Stand-up comic Suzanne Westenhoefer is known for being one of the only openly gay comics in the country and for a long history of gay advocacy and supporting gay causes and charities. This Sunday (Jan. 16), she take the reigns as the host of the Miss’d America Pageant at Boardwalk Hall, the city’s drag queen ode to the Miss America Pageant. We asked her about hosting a drag show, what the audience can expect from one of the city’s wildest nights and her thoughts on the show’s future.
What were your first thoughts when you knew you’d be hosting the Miss’d America Pageant?
Honestly, I was very excited. I started stand-up in the 90s and I’ve been in theater my whole life. I love drag, love drag queens. I haven’t been around it that much in the last couple of years, just a little bit, and I love it and I miss it so I’m all excited. But honestly, as a lesbian, I just have to recognize that I’m not going to be the prettiest person on stage no matter what I put on. Nothing I can do is going to out do the boys. I can put on false eyelashes, doesn’t matter. Not going to beat them. So I have to be humble. If I remember that, and stay humble, I’ll have a great time.
Have you ever worked with Bob Hitchen, aka Sandy Beach, the writer and producer of the pageant and also, your co-host?
I have worked with him at an event the last time I was in Atlantic City (the Taj Mahal’s Fun and “Gay” mes Weekend in March). What happened was I kind of came out and helped call bingo for awhile. And I got to meet everybody like, hello, hello, hello, and then we were on stage. But there were like 10 drag queens and I met everybody for like four seconds. So I didn’t really get to know them, but everybody was great.
You’re performing in Seattle Friday and the pageant is Sunday, so you’ve had little rehearsal time. Do you know what to expect for the show?
I’m going to say this. I’ve been queer a long time. I know the gay boys; love them. I think I have an idea. But I actually hope that I don’t know, because obviously I want to be entertained too. I want to have fun. But I’ve seen a lot of drag. Still, I have heard that this is a great show — very fun, very professional, very wild. It’s kind of typical for our community. We always up it a notch.
Considering your career and your openness about being gay, do you think you’re becoming sort of a “go-to” host for gay events?
Maybe. I’m good at it. I like to do it. I really like hosting. I mean there are a lot of comics that don’t like to host — straight or gay, it’s not about that. It’s just kind of your persona and whether you’re comfortable doing it. I have always liked it. And when I started stand-up, I started in New York and I hosted a lot of events. Pride events and others. I wouldn’t say that’s how I got started, but it’s definitely how I got a lot of experience.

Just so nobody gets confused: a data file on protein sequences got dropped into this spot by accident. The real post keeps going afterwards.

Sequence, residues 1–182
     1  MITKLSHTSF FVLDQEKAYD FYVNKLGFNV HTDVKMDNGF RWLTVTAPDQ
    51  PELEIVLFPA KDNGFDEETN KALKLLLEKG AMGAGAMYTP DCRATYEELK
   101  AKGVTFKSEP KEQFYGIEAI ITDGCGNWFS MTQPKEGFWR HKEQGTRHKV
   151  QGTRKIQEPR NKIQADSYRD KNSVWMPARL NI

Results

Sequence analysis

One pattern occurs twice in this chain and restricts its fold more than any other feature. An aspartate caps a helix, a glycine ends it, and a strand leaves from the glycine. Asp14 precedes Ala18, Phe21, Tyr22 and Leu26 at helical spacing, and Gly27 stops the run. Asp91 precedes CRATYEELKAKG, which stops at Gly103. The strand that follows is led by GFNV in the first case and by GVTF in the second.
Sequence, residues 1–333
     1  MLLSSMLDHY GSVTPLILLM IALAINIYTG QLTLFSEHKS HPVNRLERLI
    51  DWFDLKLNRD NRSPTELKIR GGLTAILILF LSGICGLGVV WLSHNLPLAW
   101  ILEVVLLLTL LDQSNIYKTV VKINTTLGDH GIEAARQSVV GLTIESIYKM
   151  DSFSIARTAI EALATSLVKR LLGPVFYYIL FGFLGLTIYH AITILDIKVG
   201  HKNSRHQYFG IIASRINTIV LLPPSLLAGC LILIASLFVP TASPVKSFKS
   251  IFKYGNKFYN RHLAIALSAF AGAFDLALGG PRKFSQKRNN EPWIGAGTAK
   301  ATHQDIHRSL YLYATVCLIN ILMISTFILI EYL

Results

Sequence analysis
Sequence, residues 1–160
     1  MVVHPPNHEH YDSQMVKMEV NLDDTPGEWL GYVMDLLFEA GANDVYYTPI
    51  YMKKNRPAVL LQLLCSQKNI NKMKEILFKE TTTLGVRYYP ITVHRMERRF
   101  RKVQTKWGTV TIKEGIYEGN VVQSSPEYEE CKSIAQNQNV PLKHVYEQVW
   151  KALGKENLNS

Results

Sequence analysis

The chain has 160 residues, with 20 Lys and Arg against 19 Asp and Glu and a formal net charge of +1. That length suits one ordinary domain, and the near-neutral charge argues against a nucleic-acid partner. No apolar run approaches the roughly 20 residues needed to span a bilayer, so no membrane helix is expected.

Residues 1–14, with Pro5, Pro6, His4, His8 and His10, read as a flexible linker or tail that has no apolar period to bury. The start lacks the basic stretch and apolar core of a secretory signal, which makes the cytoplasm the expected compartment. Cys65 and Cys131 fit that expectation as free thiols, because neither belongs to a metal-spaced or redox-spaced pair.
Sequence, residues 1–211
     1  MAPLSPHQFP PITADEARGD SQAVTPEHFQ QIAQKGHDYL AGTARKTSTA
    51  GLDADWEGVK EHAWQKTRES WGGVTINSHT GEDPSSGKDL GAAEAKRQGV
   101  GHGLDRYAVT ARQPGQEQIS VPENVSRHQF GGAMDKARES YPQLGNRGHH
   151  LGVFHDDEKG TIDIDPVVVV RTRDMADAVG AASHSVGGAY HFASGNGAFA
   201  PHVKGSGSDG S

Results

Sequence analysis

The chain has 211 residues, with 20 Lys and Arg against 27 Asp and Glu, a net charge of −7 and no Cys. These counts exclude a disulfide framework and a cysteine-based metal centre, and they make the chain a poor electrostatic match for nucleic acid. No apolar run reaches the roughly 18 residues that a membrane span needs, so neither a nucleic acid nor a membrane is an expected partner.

But it’s not about my stand-up. I’ll be doing whatever they need. The show is about the drag queens. It’s about the performers. The best hosts know when to get out there and do good work, and when to pull it down and when to amp it up because of what’s going on. I’m not there to take the spotlight from any one. … There’s nothing worse than watching the Academy Awards or something and then after the host does their opening monologue, it becomes more about them then the show. It’s about the stars. So you just got to know how to be an asset to the show, not try and take it over.
This is the second year for the event, and its organizers have very high hopes for the show becoming a nationally recognized event. Can you see that happening?
“Oh yes. Atlantic City deserves that. I’ll be honest with you. I like the gay community there and there are a lot of gay people there. And I think the city deserves to be a spot where gays come every year for this event from all over. It does. It’s a great city and there’s like a zillion things to do. So why not? I think that would be awesome. And I’m expecting to have a blast. I think it’s going to be a great show.
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Suzanne Westenhoefer, the first openly lesbian comic ever to appear on television, has been presenting gay material in mainstream clubs and proudly performing within the Lesbian, Gay, Bisexual and Transgender (LGBT) community since entering the world of comedy on a dare in 1990. She went on to become the first openly gay comic to host her own HBO comedy special in 1994, which earned her a Cable Ace Award nomination, and is now beginning her 20th year of hysterical gaiety while enjoying her well-earned status at the forefront of the lesbian comedy scene. Along with starring in Comedy Central specials throughout the years, Westenhoefer has had a starring role in the Web series We Have To Stop Now. Her numerous DVDs include Nothing in My Closet But My Clothes,...
Being a lesbian was no laughing matter until Suzanne Westenhoefer came along. Suddenly, out was very in. A former bartender at Houlihan's restaurant in Seacaucus, Westenhoefer has been comedy's fir...
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